In other words, approximately six million students, of the approximately 12 million students in community colleges nationwide, have symptoms of mental disorders. We found depression and anxiety to be among the most common conditions. About 36 percent students showed symptoms of depression and 29 percent had disorders related to anxiety.
For younger students ages 18-24 in community colleges, these numbers are even higher: 40 percent for depression and 33 percent for anxiety.
Furthermore, mental health conditions appear to be considerably higher at community colleges, as compared to four-year schools. Among students ages 18-24, 23 percent of community college students are experiencing the most severe frequency and number of depressive symptoms, as compared to 11 percent of four-year students.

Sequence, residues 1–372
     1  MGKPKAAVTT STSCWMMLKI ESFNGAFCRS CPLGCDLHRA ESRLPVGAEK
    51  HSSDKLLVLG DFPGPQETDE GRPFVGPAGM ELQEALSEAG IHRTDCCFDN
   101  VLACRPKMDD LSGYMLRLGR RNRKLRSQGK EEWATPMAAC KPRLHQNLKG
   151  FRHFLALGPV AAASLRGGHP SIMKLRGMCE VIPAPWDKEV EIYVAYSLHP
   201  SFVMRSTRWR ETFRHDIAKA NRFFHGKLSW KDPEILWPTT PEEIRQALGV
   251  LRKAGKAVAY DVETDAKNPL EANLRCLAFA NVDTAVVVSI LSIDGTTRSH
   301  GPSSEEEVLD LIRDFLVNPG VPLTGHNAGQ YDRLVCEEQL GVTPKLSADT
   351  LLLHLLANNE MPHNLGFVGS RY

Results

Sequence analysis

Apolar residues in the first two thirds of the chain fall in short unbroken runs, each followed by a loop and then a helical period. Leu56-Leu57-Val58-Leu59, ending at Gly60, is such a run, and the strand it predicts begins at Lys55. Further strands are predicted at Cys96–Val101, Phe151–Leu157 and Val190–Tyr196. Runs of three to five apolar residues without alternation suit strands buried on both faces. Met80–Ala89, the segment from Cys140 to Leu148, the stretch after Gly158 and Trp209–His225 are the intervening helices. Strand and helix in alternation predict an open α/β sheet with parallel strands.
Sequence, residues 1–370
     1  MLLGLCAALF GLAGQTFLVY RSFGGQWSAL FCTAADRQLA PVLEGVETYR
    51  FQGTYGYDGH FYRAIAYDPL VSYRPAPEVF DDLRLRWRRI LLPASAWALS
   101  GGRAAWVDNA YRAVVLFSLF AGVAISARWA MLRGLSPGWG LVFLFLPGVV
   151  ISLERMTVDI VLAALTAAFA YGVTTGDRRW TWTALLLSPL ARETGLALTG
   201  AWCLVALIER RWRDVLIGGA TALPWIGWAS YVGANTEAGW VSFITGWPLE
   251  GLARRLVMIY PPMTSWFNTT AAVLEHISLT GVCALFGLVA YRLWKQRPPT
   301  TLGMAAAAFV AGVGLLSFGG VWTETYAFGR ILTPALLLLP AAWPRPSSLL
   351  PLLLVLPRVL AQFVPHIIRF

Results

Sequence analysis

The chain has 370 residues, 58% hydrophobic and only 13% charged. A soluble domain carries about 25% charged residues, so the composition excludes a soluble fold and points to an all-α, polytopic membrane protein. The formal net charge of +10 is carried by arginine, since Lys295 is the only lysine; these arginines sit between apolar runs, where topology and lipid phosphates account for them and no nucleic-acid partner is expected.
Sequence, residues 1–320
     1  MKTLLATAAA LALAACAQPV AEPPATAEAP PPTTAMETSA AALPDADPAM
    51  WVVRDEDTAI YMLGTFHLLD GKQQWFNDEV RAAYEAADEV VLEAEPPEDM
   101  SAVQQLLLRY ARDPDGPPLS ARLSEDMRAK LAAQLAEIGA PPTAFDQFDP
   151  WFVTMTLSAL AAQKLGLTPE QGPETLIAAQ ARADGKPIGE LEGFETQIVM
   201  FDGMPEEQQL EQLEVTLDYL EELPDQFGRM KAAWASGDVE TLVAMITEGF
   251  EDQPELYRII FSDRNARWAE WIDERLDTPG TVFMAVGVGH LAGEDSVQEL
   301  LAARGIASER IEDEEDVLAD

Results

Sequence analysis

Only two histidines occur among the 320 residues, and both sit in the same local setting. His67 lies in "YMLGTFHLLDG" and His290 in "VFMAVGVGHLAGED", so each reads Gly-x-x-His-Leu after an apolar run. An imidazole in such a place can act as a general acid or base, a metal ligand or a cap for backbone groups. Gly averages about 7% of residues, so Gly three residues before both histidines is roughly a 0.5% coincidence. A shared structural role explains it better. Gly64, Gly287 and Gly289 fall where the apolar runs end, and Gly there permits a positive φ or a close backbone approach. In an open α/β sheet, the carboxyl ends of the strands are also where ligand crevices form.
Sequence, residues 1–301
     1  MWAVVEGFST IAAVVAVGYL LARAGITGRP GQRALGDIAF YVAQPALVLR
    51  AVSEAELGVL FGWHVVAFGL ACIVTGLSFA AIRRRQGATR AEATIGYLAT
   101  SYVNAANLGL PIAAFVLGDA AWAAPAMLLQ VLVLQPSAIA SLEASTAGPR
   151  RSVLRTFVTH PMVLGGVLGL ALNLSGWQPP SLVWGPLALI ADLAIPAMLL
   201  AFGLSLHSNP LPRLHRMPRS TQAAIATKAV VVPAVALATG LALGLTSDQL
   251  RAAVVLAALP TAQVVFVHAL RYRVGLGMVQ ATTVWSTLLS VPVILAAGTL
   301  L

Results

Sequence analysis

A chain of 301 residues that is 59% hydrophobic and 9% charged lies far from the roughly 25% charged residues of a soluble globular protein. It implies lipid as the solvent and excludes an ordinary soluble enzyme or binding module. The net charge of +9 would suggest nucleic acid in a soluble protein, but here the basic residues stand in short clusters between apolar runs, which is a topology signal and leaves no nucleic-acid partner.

Are students getting help?
This troubling situation is compounded by the fact that most students with mental health conditions are not receiving adequate support.
Among community college students with a mental health condition, we found only 41 percent were receiving any mental health care (counseling and/or medication) in the previous year. This number is even lower – 35 percent – among community college students in the age group 18-24. Although still not adequate, by comparison, 45 percent of students in the age group 18-24 find support at four-year schools.
There is a similar disparity in the counseling or support that students receive from non-clinical sources, such as friends and family: 60 percent among community college students, compared to 79 percent among four-year students.
The lower use of mental health services among community college students is driven in part by the fact that more of these students lack health insurance: 14 percent, compared to just 3 percent in our four-year sample.
Additionally, community colleges offer significantly fewer campus services.
For example, many community colleges do not have any mental health counselors, and among those that do, the ratio of counselors to students is 1 to 3,000, compared to 1 to 1,600 at four-year institutions.
Here’s what can be done